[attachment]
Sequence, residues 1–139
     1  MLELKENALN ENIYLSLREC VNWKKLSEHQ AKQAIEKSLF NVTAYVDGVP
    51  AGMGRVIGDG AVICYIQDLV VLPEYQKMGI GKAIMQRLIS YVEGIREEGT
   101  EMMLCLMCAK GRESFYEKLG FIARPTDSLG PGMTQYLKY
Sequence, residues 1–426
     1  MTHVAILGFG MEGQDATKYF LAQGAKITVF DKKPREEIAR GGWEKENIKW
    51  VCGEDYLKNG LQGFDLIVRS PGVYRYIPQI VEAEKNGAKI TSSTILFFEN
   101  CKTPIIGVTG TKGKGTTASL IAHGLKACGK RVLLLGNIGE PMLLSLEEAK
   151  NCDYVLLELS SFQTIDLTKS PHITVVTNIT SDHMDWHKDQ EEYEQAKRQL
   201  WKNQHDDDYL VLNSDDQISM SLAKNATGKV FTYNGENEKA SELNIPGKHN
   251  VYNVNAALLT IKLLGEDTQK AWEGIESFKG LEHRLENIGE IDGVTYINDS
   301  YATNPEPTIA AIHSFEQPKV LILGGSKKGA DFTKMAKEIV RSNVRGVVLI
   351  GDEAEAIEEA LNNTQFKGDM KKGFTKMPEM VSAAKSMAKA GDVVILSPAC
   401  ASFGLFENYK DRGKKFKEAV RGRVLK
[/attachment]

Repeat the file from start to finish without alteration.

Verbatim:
Sequence, residues 1–139
     1  MLELKENALN ENIYLSLREC VNWKKLSEHQ AKQAIEKSLF NVTAYVDGVP
    51  AGMGRVIGDG AVICYIQDLV VLPEYQKMGI GKAIMQRLIS YVEGIREEGT
   101  EMMLCLMCAK GRESFYEKLG FIARPTDSLG PGMTQYLKY
Sequence, residues 1–426
     1  MTHVAILGFG MEGQDATKYF LAQGAKITVF DKKPREEIAR GGWEKENIKW
    51  VCGEDYLKNG LQGFDLIVRS PGVYRYIPQI VEAEKNGAKI TSSTILFFEN
   101  CKTPIIGVTG TKGKGTTASL IAHGLKACGK RVLLLGNIGE PMLLSLEEAK
   151  NCDYVLLELS SFQTIDLTKS PHITVVTNIT SDHMDWHKDQ EEYEQAKRQL
   201  WKNQHDDDYL VLNSDDQISM SLAKNATGKV FTYNGENEKA SELNIPGKHN
   251  VYNVNAALLT IKLLGEDTQK AWEGIESFKG LEHRLENIGE IDGVTYINDS
   301  YATNPEPTIA AIHSFEQPKV LILGGSKKGA DFTKMAKEIV RSNVRGVVLI
   351  GDEAEAIEEA LNNTQFKGDM KKGFTKMPEM VSAAKSMAKA GDVVILSPAC
   401  ASFGLFENYK DRGKKFKEAV RGRVLK